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Wednesday, March 9, 2016
Conan Doyle's Last Years Close-Up
The last 23 years of Arthur Conan Doyle's life were among his most active. They included the Oscar Slater Case, The Lost World, the Great War, the embrace of spiritualism, campaigns for divorce reform and against women's suffrage, friendship and feud with Houdini, Sherlock Holmes on stage and screen, and the closing of the Canon.
Alistair Duncan misses none of that in No Better Place. Having covered ACD's Norwood years and his Undershaw years in earlier books, he details the great author's later adventures in this new one. The subtitle makes the scope of the 434-page volume clear: "Arthur Conan Doyle, Windlesham and Communication with the Other Side (1907-1930)."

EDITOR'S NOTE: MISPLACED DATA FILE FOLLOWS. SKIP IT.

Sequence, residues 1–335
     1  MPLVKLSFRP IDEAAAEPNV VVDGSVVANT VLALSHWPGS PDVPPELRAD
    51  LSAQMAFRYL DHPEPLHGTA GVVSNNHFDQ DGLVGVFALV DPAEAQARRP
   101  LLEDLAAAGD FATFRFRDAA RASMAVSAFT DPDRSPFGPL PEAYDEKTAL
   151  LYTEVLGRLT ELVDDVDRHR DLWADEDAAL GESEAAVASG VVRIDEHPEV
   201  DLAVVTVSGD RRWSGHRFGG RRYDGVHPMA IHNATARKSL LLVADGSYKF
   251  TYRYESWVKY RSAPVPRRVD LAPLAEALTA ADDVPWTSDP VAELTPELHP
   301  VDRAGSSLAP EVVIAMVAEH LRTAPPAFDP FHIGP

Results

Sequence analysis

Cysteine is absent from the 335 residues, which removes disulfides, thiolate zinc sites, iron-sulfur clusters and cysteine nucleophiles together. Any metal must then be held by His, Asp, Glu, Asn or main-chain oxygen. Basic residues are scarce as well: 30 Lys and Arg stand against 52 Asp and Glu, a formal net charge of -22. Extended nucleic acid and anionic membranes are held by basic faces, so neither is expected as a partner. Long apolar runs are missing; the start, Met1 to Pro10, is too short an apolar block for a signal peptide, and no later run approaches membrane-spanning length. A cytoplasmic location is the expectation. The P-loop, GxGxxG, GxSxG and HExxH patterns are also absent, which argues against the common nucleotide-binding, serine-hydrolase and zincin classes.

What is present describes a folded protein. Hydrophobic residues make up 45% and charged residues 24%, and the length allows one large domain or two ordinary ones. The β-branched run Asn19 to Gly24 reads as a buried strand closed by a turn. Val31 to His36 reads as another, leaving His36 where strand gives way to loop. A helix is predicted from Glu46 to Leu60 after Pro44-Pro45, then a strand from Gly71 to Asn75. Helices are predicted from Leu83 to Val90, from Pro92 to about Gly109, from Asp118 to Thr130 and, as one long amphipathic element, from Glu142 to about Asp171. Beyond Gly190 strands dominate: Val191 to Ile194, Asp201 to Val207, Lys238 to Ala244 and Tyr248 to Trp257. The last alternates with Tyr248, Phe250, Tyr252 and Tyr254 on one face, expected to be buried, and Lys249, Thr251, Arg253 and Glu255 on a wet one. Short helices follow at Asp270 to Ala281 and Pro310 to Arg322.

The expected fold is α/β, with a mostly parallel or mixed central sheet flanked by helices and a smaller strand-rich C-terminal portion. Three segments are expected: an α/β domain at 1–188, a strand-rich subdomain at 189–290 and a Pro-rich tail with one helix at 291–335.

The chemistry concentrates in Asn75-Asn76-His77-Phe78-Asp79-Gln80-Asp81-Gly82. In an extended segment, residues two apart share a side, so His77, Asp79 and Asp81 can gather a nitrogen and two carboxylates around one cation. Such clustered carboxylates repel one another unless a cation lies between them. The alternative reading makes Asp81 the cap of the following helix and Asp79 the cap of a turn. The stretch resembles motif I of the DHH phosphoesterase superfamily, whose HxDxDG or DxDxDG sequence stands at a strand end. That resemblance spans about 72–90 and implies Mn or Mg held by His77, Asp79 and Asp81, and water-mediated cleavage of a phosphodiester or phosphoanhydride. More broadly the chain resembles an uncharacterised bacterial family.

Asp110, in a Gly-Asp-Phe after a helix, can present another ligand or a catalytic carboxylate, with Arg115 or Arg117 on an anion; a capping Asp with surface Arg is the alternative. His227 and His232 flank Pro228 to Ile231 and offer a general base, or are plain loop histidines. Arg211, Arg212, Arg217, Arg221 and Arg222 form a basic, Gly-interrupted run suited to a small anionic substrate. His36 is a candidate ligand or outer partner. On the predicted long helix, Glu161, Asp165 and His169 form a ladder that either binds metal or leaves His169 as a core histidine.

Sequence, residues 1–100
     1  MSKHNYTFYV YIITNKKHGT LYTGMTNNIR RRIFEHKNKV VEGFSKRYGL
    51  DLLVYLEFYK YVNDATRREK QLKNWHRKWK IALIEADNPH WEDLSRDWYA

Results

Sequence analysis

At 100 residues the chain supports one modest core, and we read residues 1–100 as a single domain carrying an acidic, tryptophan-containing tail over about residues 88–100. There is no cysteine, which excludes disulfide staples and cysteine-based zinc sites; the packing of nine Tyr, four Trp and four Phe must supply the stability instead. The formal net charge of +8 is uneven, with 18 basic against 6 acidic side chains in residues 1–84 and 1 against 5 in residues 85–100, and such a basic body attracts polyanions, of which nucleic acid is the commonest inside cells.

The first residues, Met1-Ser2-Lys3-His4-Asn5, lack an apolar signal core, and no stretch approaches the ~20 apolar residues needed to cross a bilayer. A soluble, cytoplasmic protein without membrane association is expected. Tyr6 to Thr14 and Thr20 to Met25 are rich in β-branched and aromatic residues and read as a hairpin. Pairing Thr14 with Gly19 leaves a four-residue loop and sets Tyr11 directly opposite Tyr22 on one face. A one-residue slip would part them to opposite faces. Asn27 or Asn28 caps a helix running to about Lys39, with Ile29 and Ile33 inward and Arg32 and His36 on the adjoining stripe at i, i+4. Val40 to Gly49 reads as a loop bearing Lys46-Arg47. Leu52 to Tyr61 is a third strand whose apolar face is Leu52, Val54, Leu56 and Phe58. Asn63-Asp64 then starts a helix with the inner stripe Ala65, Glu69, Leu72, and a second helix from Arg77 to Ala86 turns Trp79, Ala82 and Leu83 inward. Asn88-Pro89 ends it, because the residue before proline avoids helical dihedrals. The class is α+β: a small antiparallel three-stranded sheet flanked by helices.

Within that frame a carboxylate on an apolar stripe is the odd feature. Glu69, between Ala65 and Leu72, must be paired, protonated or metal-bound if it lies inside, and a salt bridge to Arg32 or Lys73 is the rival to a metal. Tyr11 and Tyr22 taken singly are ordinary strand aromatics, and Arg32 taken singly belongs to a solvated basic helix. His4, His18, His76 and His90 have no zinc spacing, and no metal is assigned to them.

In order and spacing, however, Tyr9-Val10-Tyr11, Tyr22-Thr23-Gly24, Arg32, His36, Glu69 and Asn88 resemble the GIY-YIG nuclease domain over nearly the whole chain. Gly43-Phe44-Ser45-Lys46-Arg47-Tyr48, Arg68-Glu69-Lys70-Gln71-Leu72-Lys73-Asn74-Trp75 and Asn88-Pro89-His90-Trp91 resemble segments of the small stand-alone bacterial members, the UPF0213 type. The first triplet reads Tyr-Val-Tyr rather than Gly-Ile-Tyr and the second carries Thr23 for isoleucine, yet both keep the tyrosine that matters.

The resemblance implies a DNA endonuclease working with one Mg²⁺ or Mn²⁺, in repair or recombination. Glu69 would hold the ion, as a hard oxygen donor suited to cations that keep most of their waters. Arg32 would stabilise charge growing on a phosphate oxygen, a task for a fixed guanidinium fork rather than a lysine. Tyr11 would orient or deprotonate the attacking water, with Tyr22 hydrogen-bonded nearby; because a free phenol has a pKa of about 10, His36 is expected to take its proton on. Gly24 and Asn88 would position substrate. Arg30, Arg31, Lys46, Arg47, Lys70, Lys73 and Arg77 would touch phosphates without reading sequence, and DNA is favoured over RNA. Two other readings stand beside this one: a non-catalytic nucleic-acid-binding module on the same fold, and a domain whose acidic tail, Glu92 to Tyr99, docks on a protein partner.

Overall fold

The story begins with ACD coming back from his November 1907 honeymoon in France to a new home. He writes to his mother: "Saturday will bring us to Windlesham, where I shall live and die, I expect. No better place." He was right, for his home in the East Sussex village is where he died of a heart attack on the morning of July 7, 1930.
Duncan's well-research account of what happened in between those two events contains an impressive 422 footnotes, and yet reads very quickly. It's illustrated with dozens of photos, and bolstered at the back by a handy 20-page index. For a close look at the last two decades of an amzing life, there is no better book.
Posted by Doctor Dan at 12:00 AM